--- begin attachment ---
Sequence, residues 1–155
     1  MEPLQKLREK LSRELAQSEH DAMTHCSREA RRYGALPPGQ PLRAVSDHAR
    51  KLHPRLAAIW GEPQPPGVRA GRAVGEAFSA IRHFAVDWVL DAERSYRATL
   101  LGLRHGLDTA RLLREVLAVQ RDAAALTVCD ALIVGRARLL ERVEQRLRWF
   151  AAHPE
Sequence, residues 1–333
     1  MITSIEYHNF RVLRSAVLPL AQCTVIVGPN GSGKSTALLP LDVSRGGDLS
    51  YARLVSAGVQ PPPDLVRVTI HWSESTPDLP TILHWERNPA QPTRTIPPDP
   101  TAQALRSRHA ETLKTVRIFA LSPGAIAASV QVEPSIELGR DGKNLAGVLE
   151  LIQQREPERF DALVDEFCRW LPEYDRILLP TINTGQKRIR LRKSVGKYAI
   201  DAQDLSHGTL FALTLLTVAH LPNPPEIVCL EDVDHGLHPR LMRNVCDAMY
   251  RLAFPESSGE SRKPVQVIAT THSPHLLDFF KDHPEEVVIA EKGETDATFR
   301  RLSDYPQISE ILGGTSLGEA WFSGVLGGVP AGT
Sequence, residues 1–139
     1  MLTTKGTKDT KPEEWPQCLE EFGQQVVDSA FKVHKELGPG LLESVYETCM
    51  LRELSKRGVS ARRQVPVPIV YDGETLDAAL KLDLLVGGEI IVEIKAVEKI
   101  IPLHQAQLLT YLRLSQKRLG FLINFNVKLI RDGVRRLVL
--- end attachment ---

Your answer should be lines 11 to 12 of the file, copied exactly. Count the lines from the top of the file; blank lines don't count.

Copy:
   201  DAQDLSHGTL FALTLLTVAH LPNPPEIVCL EDVDHGLHPR LMRNVCDAMY
   251  RLAFPESSGE SRKPVQVIAT THSPHLLDFF KDHPEEVVIA EKGETDATFR